Deism is a current of philosophy that admits, through reason and experience, the existence of God as creator of the natural world. The doctrine, however, does not accept other characteristic elements of religions in their relationship with the divinity, such as the existence of revelations or the practice of cults.
It can therefore be said that deists believe in God but not in religious practices and dogmas. Deism recognizes that God has created the universe although it does not believe in his subsequent intervention to orchestrate its destiny.
Deism views God as the creator of the natural world.
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Principles of deism
For deists, there are no miracles or the Holy Trinity. The manifestation of God occurs through natural laws, which can be analyzed from science. In general, deism rationally accepts that God cannot be proven to exist since the act of believing is ultimately a matter of faith.
The deist movement therefore approaches God through reflection. It does not support organized and institutionalized religion, nor the doctrines and precepts emanating from supposedly sacred books.
The approach to God by deism is done through reflection.
Rationalism and ethics
The deists guide their behavior from rational thought and ethics linked to their own conscience. That is why they also reject the orders imposed by ecclesiastical leaders who claim to act as messengers of God and communicators of his Word.
Deism does not agree with the most important affirmations of the religions, and they question them again and again due to the lack of satisfactory answers on the part of their dogmas. Some characteristics of deists are the following:
* they do not accept that the existence of God has been fully represented or explained in the scriptures generally called sacred;
* to reflect on the characteristics of God they use reason and do not allow a doctrine to impose a series of immovable concepts on them;
* with respect to ethics, they try to be guided by their own conscience and their reasoning when making important decisions, instead of following rules imposed by institutions;
* seek spirituality through spontaneous and unexplored paths, unlike those who adopt a tradition;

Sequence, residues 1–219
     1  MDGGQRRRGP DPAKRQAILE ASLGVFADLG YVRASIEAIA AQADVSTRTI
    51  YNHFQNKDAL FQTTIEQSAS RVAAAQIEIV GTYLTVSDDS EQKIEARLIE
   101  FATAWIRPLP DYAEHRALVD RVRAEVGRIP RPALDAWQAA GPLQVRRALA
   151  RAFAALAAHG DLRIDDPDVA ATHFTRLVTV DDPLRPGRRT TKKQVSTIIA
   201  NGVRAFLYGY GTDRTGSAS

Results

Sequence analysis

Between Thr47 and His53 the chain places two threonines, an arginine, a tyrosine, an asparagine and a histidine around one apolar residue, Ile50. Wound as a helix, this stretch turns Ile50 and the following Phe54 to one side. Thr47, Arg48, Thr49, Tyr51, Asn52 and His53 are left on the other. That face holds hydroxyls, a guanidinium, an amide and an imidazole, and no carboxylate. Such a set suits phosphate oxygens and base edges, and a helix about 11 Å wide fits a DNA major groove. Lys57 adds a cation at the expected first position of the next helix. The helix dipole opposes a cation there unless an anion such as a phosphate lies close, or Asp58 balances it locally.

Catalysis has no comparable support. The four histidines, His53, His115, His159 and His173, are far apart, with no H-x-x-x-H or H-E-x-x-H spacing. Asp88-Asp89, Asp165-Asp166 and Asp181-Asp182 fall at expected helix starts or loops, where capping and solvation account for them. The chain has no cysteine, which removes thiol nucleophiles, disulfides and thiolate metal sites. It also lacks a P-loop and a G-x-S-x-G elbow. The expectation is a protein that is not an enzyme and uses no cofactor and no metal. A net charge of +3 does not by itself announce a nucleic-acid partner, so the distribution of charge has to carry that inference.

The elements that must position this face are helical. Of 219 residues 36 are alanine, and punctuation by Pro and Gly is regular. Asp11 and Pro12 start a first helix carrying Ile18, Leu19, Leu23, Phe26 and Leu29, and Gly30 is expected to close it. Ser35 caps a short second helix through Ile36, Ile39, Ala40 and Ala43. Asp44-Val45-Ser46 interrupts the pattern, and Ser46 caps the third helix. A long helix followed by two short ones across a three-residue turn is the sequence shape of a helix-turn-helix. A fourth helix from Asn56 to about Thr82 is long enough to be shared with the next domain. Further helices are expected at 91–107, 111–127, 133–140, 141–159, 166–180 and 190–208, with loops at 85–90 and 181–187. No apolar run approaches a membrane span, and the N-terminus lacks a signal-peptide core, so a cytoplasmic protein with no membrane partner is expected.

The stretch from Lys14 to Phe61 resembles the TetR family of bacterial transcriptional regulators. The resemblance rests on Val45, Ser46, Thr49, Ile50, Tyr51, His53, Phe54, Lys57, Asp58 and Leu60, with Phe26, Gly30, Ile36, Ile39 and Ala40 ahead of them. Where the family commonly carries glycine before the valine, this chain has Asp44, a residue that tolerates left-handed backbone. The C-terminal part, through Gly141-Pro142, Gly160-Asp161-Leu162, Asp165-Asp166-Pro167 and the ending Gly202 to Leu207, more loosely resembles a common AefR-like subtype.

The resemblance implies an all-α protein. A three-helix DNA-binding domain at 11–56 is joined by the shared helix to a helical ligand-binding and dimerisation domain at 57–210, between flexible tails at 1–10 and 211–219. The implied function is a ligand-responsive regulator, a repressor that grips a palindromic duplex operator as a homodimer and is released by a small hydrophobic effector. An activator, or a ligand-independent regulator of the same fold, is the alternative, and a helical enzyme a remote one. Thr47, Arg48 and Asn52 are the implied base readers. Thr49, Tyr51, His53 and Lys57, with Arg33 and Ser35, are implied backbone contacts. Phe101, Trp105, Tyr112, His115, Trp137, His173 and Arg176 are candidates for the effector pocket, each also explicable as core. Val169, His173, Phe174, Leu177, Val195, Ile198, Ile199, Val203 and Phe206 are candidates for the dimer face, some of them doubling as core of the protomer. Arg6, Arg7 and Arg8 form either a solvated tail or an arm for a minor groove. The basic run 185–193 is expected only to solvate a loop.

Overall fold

* they do not usually call themselves religious, but prefer the term spiritual to describe their relationship with God;
* They put aside the superstitions that contaminate certain religious teachings and rescue the rational aspects that can be truly useful for the life of any person, religious or not.
From religion to deism
Many self-styled religious people should consider themselves adherents of deism, since they do not practice or respect the tenets of the religion they claim to follow. This is especially the case with Christianity: in countries like Spain and Argentina, dozens of people claim to be Christians even though they never go to mass, have never read the Bible or can fluently tell the story of Jesus Christ, not to mention that they oppose most the ideas of the Church.
The origin of deism dates back to Ancient Greece and its heyday took place around the end of the 17th century. Great personalities of history have been identified or have been considered as deists. Aristotle, Plato, Immanuel Kant, Thomas Edison, Voltaire, and Walt Whitman are just a few of them.
The notion in grammar
In grammar, deism is understood as the incorrect tendency to use the preposition de ; Although it does not have as much prominence as dequeismo and queísmo, it also represents a problem that contaminates the communication of many Spanish-speaking people.
Let’s see some examples of deism: «They told me that they were going to come in the afternoon», «I told him to stay at his house tomorrow» ; in the first case the preposition “of” should be omitted, and in the second it is advisable to say “I proposed to stay”.